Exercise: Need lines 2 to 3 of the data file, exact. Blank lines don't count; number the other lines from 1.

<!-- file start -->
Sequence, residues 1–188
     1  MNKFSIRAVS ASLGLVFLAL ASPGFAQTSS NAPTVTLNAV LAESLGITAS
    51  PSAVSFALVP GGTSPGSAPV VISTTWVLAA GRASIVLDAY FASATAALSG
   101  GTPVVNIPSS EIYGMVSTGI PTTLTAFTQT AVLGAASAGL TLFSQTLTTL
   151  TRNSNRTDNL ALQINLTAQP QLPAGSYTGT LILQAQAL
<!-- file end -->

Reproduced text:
     1  MNKFSIRAVS ASLGLVFLAL ASPGFAQTSS NAPTVTLNAV LAESLGITAS
    51  PSAVSFALVP GGTSPGSAPV VISTTWVLAA GRASIVLDAY FASATAALSG